Take Very Good
Care of YourselvesDeuteronomy 4:15


  Due to unfortunate developments in air travel, the FAA does not allow anyone to bring any bottles, tubes etc. with liquid, gel etc. on airplanes.  Therefore, it is now necessary to have a prescription for all medications, insulin, syringes etc., with the name of the person traveling (same as on the ticket and ID).  If not you may encounter problems with bringing insulin, syringes, pump supplies etc in your hand luggage. (Due to extreme temperature changes in the luggage compartment we recommend keeping insulin, strips and other medications in your hand luggage)

 If you are traveling by air, land or sea, the most important thing about traveling with diabetes is planning and preparation.  Before embarking on any trip, consult your doctor or health professional.


      *     Have a medical check up

*     Discuss your travel plans with your doctor and/or diabetes educator  

* Get a letter from your doctor with the details of your diabetes, and how to manage it. It should list all medications, equipment and diet specifications that you need.  

*    Get a prescription for all your medications     

*Identify medical resources at your destination*    

If you are flying through time zones, plan changes in your meal and medication schedule with your doctor or diabetes educator


*     If you are going on a cruise, discuss how to manage the lavish meals and how to maintain an exercise program  


ill get your meal, it is recommended that you take your medication only when you have your meal at your seat.  It may be inconvenient but will help in avoiding a low blood sugar.


*     If you will be encountering extreme weather (hot or cold) at your travel destination you may want to have a travel pouch that keeps your medications at normal temperature. 

*     Always have some extra food in your handbag in case of delays or lack of proper meals. This is especially important for those who will be traveling during the holiday seasons and do not eat airline and/or store bought food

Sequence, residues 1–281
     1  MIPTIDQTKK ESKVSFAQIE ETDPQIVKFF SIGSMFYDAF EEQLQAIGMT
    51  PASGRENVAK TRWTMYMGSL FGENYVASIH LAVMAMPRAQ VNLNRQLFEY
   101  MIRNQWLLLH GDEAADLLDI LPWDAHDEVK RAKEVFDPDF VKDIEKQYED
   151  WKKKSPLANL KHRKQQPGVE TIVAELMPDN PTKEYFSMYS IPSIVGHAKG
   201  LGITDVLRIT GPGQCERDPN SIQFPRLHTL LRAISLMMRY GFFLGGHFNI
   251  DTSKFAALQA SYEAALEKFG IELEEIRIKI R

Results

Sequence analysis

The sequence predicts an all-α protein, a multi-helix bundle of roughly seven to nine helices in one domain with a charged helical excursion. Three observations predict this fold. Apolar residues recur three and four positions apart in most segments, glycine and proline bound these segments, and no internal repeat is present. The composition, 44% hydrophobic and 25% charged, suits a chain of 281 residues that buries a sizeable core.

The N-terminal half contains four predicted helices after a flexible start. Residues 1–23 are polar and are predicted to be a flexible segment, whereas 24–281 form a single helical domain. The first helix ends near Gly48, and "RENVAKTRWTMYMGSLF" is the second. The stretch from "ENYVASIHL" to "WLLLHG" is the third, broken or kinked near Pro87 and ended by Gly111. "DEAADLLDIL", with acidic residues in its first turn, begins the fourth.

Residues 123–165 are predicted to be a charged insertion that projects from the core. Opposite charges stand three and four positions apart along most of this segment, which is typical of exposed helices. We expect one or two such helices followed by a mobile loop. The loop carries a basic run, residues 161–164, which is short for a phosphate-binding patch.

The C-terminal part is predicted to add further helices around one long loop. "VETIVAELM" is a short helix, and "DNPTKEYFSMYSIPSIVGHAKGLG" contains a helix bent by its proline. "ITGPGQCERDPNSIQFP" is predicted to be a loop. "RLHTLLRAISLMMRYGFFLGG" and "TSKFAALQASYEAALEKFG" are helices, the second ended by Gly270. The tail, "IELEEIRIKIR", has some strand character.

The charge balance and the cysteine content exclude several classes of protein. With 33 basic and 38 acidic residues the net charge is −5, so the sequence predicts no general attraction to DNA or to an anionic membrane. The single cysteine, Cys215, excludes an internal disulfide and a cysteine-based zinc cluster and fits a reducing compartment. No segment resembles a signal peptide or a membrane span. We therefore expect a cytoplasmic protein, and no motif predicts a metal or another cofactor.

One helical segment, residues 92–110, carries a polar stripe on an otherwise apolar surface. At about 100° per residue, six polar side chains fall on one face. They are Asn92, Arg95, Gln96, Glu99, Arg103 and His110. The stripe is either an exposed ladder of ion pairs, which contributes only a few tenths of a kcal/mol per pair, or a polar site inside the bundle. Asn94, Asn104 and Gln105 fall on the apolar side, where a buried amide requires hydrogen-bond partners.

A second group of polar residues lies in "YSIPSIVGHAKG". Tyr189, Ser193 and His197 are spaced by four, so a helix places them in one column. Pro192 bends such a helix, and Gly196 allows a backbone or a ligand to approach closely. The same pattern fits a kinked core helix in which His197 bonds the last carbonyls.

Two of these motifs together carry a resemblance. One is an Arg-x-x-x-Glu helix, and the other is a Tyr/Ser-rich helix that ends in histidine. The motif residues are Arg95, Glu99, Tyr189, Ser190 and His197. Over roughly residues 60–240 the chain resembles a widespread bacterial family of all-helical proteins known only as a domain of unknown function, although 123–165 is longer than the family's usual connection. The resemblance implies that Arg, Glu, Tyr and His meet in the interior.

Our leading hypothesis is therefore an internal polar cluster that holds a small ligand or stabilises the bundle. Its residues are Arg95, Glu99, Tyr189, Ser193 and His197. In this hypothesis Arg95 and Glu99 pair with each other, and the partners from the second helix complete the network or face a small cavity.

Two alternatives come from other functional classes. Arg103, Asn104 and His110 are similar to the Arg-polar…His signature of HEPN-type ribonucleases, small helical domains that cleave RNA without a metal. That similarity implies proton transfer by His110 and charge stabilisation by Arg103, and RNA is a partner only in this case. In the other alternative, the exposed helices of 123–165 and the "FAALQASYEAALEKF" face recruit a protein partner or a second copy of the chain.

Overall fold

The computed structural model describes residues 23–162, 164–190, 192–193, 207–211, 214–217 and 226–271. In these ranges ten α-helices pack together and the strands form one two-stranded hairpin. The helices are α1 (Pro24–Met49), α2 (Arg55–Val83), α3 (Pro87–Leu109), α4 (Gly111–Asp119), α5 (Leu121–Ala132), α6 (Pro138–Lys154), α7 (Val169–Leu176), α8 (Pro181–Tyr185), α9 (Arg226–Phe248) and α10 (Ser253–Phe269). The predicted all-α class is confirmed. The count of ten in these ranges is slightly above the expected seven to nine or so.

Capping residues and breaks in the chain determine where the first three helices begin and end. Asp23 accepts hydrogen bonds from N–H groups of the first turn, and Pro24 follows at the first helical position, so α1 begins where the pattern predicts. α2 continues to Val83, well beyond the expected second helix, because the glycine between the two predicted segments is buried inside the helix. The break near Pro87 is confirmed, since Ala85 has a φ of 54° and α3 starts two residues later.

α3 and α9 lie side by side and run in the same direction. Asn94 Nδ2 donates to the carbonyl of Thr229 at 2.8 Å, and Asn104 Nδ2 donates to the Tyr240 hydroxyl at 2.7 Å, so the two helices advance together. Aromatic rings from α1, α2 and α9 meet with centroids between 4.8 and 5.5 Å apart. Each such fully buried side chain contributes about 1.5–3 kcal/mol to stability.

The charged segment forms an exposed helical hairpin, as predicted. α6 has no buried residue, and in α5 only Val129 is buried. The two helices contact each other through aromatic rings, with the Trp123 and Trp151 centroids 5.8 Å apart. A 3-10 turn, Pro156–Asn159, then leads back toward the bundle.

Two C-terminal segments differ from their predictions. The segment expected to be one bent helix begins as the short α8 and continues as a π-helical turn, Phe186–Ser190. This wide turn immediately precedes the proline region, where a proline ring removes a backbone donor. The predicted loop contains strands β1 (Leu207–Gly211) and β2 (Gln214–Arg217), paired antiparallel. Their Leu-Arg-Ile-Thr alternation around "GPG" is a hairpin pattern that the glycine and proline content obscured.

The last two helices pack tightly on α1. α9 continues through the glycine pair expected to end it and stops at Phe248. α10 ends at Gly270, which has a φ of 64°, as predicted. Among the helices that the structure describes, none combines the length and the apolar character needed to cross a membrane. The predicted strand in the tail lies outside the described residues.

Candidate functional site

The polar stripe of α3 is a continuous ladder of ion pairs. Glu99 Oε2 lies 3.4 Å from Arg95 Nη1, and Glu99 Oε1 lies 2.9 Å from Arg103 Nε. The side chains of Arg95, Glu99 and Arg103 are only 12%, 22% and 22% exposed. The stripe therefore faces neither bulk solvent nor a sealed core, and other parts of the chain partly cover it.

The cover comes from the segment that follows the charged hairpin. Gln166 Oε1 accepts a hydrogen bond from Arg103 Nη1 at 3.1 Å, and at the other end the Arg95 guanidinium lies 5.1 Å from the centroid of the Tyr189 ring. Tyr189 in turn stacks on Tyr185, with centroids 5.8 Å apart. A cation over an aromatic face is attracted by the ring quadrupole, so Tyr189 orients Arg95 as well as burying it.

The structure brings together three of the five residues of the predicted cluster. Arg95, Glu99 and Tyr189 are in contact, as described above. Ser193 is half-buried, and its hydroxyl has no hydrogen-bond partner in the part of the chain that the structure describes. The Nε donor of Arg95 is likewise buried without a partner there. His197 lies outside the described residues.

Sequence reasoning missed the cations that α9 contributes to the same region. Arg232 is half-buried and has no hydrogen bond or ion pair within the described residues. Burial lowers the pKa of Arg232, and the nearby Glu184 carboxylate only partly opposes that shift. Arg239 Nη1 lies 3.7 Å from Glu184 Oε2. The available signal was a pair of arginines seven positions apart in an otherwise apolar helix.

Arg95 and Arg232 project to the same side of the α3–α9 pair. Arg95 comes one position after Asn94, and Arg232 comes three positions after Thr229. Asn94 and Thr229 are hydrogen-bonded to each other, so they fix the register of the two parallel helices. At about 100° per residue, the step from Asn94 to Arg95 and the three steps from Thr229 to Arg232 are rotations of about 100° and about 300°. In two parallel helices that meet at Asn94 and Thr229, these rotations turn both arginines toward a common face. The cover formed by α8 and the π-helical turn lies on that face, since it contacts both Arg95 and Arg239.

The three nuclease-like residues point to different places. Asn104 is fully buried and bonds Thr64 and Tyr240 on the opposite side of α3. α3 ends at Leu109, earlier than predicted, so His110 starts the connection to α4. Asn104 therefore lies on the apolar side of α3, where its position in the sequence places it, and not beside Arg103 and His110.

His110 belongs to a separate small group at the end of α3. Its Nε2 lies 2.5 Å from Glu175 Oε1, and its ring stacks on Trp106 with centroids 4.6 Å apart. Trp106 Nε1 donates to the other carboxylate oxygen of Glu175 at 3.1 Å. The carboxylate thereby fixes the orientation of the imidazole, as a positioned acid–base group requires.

*     It is advisable to have disposable wash-ups in convenient travel size, handy, in case it is difficult to get to water in order to wash your hands before testing. (Remember to wipe the area with a clean tissue since there can be ingredients in the wash-ups that can cause incorrect high readings)


*     Always have extra medication and supplies with you when traveling.  Things can get lost, bottles can brake, etc.. You do not want to be caught in a situation unprepared


Packing Checklist:


*       Syringes, alcohol swabs, wash-ups

*       Blood testing supplies

*       Healthy snack foods

*       Small bottles of water—you may not be allowed to bring these on board with you due to new regulations—but it is always good to have bottled water around where you will be staying. So purchase some as soon as you reach your destination


 While you are traveling: 


*    Carry your medications and supplies in your hand luggage

*    Wear a watch with an alarm or have some kind of alarm device. Set it to remind yourself to check your blood glucose levels and to take your medications at the appropriate times

*    Have a card in your wallet in a visible place clearly listing contact information and medications

 When you arrive:



*    Never drink tap water in a foreign country

*    Wear comfortable shoes at all times, check your feet everyday

*    Always ask for the ingredients in new and/or unfamiliar foods




Have A Safe, and Healthy Trip!!!

Updated 2019, copyright Jewish Diabetes Association.